I am a medico-historian, also a dermatologist and former department head at Hebrew University in Jerusalem. Franjo Kogoj (1884-1983) lived and held his chair in dermatology in Zagreb, Croatia, and I had the privilege to know him personally and to work in dermatopathology for many years. A reference to the article by Joel Schwartz et al may be permitted in this regard.7 Psoriasis is 200 years old as a distinct clinical entity (Robert Willan 1801), parapsoriasis is just 100 years old (Jean-Anne-Louis Brocq in April 1902). These facts should further stimulate reference to such classical dermatoses. Psoriasis ostracea or rupiosa is a well known clinical variety. The histopathology depicted in Fig.3 of the above article is typical but, I would rather call this a Munro microabscess plus a spongiforme pustule, unless the lower half of the photograph depicts the tip of an elongated dermal papilla, a fact than cannot be judged from the photograph, the whole slide would be needed. Munro, an Australian, described the abscesses in psoriasis eponymously named after him, just when he left Vienna for Paris in the late nineties of the 19th century.8 Kogoj described his spongiforme pustule in 1927 in acrodermatitis continua Hallopeau.9 Both groups of diagnoses – psoriais and acrodermatitis and their potential relation, are well worth some discussion, as much as are the two types of collections of leucocytes within the epidermis and their course. Interestingly and well known to dermatopathologists, Pautrier´s microabscesses are still another variety of (malignant) cell accumulations in the epidermis, in mycosis fungoides for that matter.10 The latter do not pose a problem in differential diagnosis in this regard.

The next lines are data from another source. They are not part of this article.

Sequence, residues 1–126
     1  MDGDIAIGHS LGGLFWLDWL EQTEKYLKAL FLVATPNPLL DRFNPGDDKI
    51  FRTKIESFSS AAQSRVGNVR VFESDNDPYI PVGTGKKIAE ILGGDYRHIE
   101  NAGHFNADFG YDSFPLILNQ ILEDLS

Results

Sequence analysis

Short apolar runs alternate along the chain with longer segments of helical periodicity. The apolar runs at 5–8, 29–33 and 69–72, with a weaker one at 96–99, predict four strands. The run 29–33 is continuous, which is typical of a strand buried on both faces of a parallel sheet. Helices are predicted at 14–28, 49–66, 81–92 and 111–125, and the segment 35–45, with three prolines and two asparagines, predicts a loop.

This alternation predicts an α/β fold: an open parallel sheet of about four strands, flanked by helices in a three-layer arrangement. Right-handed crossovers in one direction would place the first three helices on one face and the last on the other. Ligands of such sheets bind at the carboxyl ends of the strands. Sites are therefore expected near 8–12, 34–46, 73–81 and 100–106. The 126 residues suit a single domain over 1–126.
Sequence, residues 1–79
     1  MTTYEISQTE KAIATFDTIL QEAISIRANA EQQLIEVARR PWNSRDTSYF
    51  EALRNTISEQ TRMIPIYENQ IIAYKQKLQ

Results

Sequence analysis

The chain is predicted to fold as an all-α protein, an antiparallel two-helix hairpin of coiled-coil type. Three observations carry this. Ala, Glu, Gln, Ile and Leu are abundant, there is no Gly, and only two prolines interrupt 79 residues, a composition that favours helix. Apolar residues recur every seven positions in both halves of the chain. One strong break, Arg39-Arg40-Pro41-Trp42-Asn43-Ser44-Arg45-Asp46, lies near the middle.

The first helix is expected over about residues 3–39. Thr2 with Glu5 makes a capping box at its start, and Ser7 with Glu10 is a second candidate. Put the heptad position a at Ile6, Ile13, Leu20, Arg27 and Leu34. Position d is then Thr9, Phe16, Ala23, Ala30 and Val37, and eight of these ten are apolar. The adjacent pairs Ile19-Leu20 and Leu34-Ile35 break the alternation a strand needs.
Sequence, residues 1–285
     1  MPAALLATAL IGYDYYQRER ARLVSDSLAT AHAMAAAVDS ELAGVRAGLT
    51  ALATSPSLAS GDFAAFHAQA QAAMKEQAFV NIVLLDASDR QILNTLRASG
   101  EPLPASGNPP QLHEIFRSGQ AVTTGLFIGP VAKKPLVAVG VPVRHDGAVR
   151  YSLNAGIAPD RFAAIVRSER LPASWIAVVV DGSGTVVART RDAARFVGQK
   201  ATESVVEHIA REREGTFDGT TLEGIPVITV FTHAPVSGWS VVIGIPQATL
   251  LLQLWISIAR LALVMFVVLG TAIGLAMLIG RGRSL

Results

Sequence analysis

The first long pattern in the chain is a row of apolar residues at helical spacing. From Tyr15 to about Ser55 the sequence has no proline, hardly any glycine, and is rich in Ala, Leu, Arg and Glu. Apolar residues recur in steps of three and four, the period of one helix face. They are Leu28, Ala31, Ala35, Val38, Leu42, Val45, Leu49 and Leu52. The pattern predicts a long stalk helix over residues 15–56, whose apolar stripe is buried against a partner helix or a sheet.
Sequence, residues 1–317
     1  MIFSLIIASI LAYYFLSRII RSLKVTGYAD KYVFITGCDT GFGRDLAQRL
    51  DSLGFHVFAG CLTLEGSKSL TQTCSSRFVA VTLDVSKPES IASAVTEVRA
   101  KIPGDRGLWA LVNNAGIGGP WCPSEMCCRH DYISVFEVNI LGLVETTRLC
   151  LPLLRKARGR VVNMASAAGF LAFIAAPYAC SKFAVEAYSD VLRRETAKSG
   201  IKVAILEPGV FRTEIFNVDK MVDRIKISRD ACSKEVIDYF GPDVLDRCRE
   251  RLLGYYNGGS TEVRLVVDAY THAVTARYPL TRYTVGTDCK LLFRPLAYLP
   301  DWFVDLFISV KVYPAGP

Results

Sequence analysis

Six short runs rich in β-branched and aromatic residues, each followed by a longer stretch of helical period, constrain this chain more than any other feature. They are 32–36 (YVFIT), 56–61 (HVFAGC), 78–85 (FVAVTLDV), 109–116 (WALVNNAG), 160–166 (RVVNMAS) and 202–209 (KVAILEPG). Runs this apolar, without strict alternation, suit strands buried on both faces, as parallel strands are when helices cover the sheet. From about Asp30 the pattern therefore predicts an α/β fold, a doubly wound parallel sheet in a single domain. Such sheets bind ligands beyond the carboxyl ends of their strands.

A recent book details many of the stories in relation to eponyms and famous dermatologist and may be recommended to the reader.11



1. Souza EM: A beleza da dermatologia. Editorial An Bras Dermatol 2002; 77:125-6

2. Fatovi_-Feren_i_ S Dürrigl MA Holubar K: Beauty: Soul or Surface. J Cosmet Dermatol (in press)

3. Holubar K : A Hail to the Chief. Letter to the Editor. J Invest Dermatol 2002; 119: n.1 (July issue )

4. Holubar,K.: Black Skin and the Ideal of Beauty. J. Invest.Dermatol. 1997;108:813-814

5. Holubar K Frankl: Joseph Plenck (1735-1807). A forerunner of modern European dermatology J Am Acad Dermatol 1984; 10:326-332

6. Crissey JT Parish LC: The dermatology and syphilography of the nineteenth century. Praeger New York 1981

7. Bernardi CDV Schwartz J Lecompte SM Trez EG: Psoríase ostrácea – relato de caso. An Bras Dermatol 2002; 77:207-210

8. Johnson A:William John Munro (1863-1908). Am J Dermatopathol 1983; 5:477-8

9. Kogoj F: Un cas de maladie de Hallopeau. Acta derm-venereol 1927/28; 8:1-12

10. Schmidt-Skrabs CC: Pautrier´s Microabscesses: A Historical Note. Am J Dermatopathol 2000; 6:555

11. Crissey JT Parish LC Holubar K: Historical atlas of dermatology and dermatologists. Parthenon, London 2002



Correspondence to
Karl Holubar MD FRCP
Institute for the History of Medicine
Währinger Strasse 25
A-1090 Vienna, Austria



sent to Prof Leninha Valério do Nascimento - Editor-in-Chief ANAIS BRASILEIROS